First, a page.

"For some time I have been disturbed by the way CIA has been diverted from its original assignment. It has become an operational and at times a policy-making arm of the government ...

"I never had any thought that when I set up the CIA that it would be injected into peacetime cloak- and-dagger operations. Some of the complications and embarrassment that I think we have experienced are in part attributable to the fact that this quiet intelligence arm of the President has been so removed from its intended role that it is being interpreted as a symbol of sinister and mysterious foreign intrigue -- and a subject for cold war enemy propaganda." [1]

It was under President Truman, however, that the CIA began conducting special operations.

Although the machinery was not established until 1948, one small hint of what was to come was tucked away in a memorandum which Allen Dulles submitted to Congress back in 1947. It said the CIA should "have exclusive jurisdiction to carry out secret intelligence operations." [2]

Like the Commerce Clause of the Constitution, the "other functions" proviso of the National Security Act has been stretched to encompass activities by the CIA that are not even hinted at in the law. It is not generally realized that the CIA conducts secret political warfare under interpretations of that law. Nor is it widely understood that under the law and subsequent presidential fiat, the Director of the Central Intelligence Agency wears two hats. Not only is he the head of the CIA, but more important, as Director of Central Intelligence he is in charge of the entire intelligence community, of which the CIA is only one, albeit the most powerful, branch.

In 1949 the Central Intelligence Agency Act was passed, exempting the CIA from all Federal laws that required the disclosure of the "functions, names, official titles, salaries, or numbers of personnel employed by the Agency." And it gave the Director of Central Intelligence the staggering and unprecedented power to spend money "without regard to the provisions of law and regulations relating to the expenditure of government funds."


It granted him the unique right to spend the hundreds of millions of dollars in his secret annual budget simply by signing his name. The law allowed "such expenditures to be accounted for solely on the certificate of the director." That and that alone, the law said, "shall be deemed a sufficient voucher." *2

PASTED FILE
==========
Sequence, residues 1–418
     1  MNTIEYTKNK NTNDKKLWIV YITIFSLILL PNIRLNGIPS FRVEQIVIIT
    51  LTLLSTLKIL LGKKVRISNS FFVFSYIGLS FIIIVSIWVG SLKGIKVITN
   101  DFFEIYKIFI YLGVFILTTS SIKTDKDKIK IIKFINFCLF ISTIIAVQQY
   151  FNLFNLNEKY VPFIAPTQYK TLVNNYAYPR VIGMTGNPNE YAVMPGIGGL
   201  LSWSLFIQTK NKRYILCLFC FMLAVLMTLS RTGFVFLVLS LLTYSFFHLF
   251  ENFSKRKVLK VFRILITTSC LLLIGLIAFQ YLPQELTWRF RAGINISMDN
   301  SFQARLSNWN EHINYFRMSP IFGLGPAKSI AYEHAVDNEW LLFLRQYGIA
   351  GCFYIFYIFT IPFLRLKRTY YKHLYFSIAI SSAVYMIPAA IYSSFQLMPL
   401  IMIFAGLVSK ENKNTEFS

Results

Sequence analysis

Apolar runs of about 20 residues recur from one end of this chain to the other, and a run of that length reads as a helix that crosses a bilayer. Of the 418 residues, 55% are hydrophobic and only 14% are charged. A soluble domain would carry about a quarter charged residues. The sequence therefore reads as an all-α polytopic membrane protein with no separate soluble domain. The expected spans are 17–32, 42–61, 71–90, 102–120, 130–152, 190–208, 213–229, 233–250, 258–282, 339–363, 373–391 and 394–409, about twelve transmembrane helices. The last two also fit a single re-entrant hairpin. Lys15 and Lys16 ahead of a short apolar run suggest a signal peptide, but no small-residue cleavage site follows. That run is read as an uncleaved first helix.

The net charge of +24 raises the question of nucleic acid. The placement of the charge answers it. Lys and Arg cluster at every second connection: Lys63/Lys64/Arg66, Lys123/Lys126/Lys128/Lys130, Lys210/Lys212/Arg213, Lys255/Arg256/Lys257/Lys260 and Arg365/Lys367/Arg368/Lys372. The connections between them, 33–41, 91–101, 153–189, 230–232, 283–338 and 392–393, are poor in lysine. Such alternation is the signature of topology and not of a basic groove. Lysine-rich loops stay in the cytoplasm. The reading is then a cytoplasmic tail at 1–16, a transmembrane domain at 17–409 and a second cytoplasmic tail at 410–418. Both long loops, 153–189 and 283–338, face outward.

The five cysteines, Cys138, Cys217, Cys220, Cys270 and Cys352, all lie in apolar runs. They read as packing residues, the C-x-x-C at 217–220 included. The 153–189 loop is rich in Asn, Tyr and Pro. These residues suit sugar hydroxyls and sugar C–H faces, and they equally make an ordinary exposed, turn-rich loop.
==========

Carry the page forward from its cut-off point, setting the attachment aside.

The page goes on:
Senator Millard E. Tydings, the Maryland Democrat who was chief sponsor of the 1949 Act, explained why he felt it was necessary: "Men in this agency frequently lose their lives. Several have already done so, and under not very pretty circumstances. If we forced the agency to have a record of vouchers, foreign agents could pick up information as to the identity of our agents and what they were doing." [3]

By 1950 the broader outlines of the Invisible Government had begun to take shape, with the CIA at its center. In that year the Intelligence Advisory Committee was created as a board of directors of the covert government. Later its name was changed to the present United States Intelligence Board. Although the names of the men (and of some of the agencies) represented on the board have changed, the main components of the secret government have remained fairly constant. Its overall size, of course, has increased vastly.

Code-breaking and cryptology were consolidated in 1952 in the new National Security Agency, established by presidential directive as part of the Defense Department. And, finally, the military intelligence agencies were brought together under the newly created Defense Intelligence Agency in 1961. But these were essentially administrative reorganizations. What has really changed since 1947 is not the general amorphous shape of the Invisible Government, but its size, technology, scope, power and importance- all of which have increased in geometric progression with a minimum of Congressional or public examination or understanding.

During the first three years of the CIA's life Admiral Hillenkoetter remained its director. He was replaced at a critical moment in the Korean War by General Walter Bedell Smith, Eisenhower's Chief of Staff during World War II, a former Ambassador to Moscow and the first four-star general in the U.S. Army who was never graduated from West Point or any other military school.

The agency became more aggressive under "Beedle" Smith, who played an important role in the Korean conflict and its intelligence post-mortems. But from the start, the man who placed his personal stamp upon the Invisible Government more than any other was Allen Welsh Dulles.

Dulles was consulted when Congress created the CIA in 1947. The next year Truman named him to head the three-man committee to see how well the new agency was working.*3